Today I did something fairly interesting that I've been meaning to for a while.

What are puzzles? Can they be defined and are they made of rules underneath that we can reuse?

Big questions, a little too big to work on at school, when I'm being busy drinking coffee. Anyway I always thought it would be interesting to take an adventure game and see if it's puzzles could be broken down and classified. So I did it with Monkey Island 1. See the next post, I don't want to dirty my classification with normal day to day ranting.

EINFALL going slowly - there may be screens shots this weekend. Tentative. I'm busy friday night, all day saturday and saturday night probably busy sunday morning. But hey after that well I might get some work done. I also entered a dig dug competition which hasn't got further than blitting a bitmap to the screen.

I think I made an interesting post over here.
Also I've been reading up on some game design patterns (see my bookmarks) and I think I have a few interesting things to say but not quite yet. Next up Adventure Game Patterns.

Saturday, April 22, 2006

We can own movies on tape, here we are in the 90s.

Recently I've been fiddling with wordpress on my local machine and I've finally managed to approach exactly what I want, so I'm quite happy about that. If only blogger was as configurable - I wish they had code tags for formatting code ...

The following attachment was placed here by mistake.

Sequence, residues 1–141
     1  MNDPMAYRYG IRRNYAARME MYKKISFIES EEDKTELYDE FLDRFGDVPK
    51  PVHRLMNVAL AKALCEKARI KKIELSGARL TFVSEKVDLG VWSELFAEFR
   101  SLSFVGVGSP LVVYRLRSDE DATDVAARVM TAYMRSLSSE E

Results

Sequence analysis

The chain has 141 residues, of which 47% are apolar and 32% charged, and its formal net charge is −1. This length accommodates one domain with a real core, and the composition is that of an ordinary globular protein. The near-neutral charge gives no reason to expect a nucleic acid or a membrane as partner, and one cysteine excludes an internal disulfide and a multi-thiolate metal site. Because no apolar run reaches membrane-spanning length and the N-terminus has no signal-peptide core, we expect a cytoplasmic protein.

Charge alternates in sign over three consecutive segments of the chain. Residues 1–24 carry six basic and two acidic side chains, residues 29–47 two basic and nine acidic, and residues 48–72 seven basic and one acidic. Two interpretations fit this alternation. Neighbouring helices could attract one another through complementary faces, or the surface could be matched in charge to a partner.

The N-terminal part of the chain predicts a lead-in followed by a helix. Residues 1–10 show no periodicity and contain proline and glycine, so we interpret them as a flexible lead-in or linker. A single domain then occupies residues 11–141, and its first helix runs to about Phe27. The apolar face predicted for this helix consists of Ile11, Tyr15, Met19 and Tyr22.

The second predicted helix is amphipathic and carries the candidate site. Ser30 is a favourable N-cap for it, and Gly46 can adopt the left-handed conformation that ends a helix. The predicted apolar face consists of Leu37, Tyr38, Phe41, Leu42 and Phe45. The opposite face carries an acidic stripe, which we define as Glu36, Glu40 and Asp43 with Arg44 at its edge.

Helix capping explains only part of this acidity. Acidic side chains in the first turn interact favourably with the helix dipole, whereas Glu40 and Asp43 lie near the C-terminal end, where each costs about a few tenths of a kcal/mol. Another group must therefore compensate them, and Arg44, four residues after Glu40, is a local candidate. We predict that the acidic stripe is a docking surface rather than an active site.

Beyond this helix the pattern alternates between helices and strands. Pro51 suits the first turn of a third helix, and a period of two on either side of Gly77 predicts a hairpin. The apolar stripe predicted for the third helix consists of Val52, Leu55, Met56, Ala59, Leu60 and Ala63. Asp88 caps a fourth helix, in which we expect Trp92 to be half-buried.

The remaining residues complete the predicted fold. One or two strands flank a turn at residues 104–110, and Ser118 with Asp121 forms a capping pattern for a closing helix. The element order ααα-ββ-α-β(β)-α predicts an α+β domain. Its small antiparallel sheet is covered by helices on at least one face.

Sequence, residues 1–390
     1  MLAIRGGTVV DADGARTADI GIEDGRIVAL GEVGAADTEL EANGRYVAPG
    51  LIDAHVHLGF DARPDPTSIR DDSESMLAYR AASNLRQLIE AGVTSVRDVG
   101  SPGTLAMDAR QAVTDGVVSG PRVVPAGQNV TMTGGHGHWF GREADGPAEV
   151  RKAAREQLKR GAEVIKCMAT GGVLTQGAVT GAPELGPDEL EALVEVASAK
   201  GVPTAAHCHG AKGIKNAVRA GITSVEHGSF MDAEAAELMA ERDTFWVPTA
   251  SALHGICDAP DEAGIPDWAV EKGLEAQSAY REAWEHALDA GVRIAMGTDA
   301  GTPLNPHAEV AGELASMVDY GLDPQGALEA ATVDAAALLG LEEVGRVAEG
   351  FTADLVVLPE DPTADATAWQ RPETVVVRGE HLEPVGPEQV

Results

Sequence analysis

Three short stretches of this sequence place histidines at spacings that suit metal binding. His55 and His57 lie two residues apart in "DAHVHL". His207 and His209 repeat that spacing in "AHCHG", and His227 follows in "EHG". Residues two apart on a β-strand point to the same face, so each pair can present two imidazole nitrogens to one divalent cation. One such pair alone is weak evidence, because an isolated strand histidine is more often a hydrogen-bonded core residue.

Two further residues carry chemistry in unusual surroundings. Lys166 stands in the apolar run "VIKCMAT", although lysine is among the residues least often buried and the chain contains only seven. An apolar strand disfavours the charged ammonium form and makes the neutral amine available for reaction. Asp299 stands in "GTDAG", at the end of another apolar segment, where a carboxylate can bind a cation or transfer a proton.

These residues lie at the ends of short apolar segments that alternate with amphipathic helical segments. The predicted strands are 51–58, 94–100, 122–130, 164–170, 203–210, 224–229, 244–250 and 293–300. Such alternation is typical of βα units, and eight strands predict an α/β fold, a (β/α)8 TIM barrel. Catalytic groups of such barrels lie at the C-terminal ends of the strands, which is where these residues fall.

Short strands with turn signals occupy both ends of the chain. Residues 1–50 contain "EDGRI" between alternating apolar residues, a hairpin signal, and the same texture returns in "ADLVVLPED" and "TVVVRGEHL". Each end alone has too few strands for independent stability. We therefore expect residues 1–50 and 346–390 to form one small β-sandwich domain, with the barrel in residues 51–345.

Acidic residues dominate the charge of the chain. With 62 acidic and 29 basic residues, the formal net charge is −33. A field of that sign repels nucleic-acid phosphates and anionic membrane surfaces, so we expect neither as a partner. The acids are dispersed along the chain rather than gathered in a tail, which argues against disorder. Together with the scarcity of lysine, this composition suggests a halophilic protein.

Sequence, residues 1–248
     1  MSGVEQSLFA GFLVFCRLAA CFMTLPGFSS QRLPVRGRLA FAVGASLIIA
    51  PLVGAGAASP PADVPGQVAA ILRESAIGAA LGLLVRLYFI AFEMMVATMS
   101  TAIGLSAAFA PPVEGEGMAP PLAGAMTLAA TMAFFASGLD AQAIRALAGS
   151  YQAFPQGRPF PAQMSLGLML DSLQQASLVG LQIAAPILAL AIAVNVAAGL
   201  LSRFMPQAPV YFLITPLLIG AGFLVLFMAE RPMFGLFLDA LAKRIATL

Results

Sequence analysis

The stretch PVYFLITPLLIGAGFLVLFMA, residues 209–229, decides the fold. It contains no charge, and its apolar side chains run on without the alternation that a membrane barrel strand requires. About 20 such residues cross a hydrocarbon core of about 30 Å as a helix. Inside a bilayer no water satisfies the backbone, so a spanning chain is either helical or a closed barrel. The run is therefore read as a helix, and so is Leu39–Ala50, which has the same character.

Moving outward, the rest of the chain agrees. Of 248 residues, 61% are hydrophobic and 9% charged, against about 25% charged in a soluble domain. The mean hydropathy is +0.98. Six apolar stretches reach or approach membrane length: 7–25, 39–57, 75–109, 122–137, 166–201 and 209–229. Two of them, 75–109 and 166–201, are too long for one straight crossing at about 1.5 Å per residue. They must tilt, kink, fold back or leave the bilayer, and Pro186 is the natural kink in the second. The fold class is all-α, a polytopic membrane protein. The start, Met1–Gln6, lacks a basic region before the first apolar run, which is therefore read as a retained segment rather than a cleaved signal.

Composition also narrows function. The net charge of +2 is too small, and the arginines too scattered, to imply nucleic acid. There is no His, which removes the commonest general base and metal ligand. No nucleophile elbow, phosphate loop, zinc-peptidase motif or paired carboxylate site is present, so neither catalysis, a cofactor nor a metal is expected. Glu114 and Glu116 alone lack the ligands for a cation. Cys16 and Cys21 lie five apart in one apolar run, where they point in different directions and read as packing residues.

Also I finally got emacs working with ruby - it seems I'm stupid and downloaded a old version. I've also got predictive text working now too, well buffer searching predictive text anyway. So I've downloaded Ruby SDL but I haven't touched it yet.

Anyway how about EINFALL. Well cities require at least two texture sets - the city textures and the underlying plains, mountains whatever land texture set. I've always known this but when I was designing the map - getting it to work was foremost on my mind. So I only have one slot for a texture set and a helpful note saying this should be an array or similar.

Fine so that needs some modification. Also my skills have improved or my programming humbleness has increased. I can see the tile class kind of sucks and there's too much crap it in. So I want to make a much lighter one, that has the added benefit of allowing me to optimize rendering even more if I so wish (ordering tiles in texture sets and pipeline voodoo that I'm not really familiar with).